The constantly evolving world of inclusive language that UMBC explored last week extends to the nuance, dialect and context of Black American Sign Language within the Deaf* and Black community. In this national, and now global, moment of affirmation with Black Lives Matter, the Black and Deaf community explore the haunting question, "Am I Next?"**
While the protests continue, American Sign Language, and interpreting while Black and Deaf* is complicated by race, history, local dialect and more as this linked article explores.
Rorri Burton, an American Sign Language interpreter who has been working for Los Angeles County, breaks down how to sign “Black Lives Matter” in ASL and explains why not everyone signs it the same way in this related video (link).
Related history from Carolyn McCaskill, a professor at Gallaudet University's Department of ASL and Deaf Studies, explains how deaf African Americans show their shared identity through BASL, beginning with her experience in Mobile Alabama via this supplemental video (link).
Black Deaf Culture Through the Lens of Black Deaf History by Benro Ogunyipe provides additional background (Link)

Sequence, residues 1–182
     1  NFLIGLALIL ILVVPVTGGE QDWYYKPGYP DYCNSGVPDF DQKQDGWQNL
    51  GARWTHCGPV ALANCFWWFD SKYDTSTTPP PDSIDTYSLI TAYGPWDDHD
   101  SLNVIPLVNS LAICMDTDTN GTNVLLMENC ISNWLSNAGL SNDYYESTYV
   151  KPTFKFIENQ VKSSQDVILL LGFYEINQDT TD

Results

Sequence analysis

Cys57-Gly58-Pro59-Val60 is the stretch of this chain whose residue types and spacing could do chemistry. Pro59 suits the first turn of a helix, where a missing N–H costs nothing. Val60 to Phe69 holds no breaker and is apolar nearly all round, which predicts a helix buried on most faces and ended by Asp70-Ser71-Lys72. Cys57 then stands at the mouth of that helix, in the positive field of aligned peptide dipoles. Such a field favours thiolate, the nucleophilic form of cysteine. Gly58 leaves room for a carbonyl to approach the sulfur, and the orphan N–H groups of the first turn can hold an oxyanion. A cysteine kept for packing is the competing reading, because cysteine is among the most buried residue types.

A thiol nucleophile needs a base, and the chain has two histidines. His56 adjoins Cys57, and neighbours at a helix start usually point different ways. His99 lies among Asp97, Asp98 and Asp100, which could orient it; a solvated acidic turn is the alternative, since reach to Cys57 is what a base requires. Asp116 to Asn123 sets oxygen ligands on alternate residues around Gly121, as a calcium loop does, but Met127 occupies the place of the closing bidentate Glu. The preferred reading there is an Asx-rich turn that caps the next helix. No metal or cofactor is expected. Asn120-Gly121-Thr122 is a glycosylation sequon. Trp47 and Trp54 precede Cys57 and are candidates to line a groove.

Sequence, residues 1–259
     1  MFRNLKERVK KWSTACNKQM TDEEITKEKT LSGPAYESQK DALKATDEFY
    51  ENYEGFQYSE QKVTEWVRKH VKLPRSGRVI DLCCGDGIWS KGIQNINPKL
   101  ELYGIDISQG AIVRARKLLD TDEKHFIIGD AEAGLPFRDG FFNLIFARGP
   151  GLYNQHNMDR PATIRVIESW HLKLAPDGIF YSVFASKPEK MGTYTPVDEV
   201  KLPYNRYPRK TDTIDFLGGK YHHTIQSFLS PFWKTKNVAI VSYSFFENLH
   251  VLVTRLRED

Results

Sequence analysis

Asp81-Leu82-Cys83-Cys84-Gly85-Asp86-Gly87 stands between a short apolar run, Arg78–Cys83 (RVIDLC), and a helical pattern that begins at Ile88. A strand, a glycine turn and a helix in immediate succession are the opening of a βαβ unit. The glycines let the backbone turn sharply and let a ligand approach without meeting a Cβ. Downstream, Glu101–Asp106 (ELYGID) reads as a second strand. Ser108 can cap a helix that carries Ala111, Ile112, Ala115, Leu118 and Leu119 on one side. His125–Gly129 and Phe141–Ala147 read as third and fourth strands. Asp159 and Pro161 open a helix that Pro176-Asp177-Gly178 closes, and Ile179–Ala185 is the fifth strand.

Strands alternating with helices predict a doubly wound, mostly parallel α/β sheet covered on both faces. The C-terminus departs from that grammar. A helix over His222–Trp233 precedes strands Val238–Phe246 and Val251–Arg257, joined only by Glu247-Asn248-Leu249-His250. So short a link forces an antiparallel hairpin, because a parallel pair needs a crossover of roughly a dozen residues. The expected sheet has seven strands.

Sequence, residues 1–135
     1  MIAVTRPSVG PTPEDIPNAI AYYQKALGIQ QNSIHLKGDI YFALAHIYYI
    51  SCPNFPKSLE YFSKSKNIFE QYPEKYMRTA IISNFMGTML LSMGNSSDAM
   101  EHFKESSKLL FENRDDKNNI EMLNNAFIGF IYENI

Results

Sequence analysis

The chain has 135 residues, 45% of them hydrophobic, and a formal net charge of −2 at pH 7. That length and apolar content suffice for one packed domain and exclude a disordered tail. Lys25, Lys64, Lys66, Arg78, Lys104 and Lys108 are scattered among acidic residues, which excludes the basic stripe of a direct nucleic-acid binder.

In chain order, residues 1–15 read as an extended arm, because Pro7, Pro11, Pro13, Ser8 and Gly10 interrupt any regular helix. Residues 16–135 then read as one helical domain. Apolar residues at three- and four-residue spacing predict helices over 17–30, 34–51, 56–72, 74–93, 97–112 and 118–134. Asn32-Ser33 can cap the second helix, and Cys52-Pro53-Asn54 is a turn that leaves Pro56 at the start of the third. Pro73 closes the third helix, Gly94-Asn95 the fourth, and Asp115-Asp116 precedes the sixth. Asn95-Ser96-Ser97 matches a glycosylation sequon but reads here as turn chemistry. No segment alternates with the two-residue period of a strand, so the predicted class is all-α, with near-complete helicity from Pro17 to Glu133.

Some hope as we hold fast to the dream of creating progress: Kendall Demonstration Elementary School (part of Gallaudet) signing BLM's guiding principles with this linked video:
*Most members of the Deaf community use identity-first language, however it is a best practice to ask and get a clear understanding of how a person with a disability would like to be identified. We value consent as a community, as well as the agency of a person with a disability to decide how they, and their experiences, are represented by others. We encourage everyone to provide that respect.
We must avoid paternalism and internalized ableism by making assumptions about the wishes of others and speak from our own concerns, even if it's to discern supplemental information that has been shared via direct communication. Accessibility and Disability Services wants to follow up on disability-related questions and concerns from anyone, especially allies, who may benefit from more information about disability-related rumors, concerns and questions via email: email@example.com, phone 410-455-5745 (it's forwarded and has voicemail) and our online reporting form (link). We appreciate all that our community partners and allies do to co-create a welcoming and inclusive community for people with disabilities.
**Am I Next? Written and Produced by Natasha Ofili & Storm Smith
Thumbnail photo of protester's sign "I'm DEAF, but I HEAR YOU #BLM"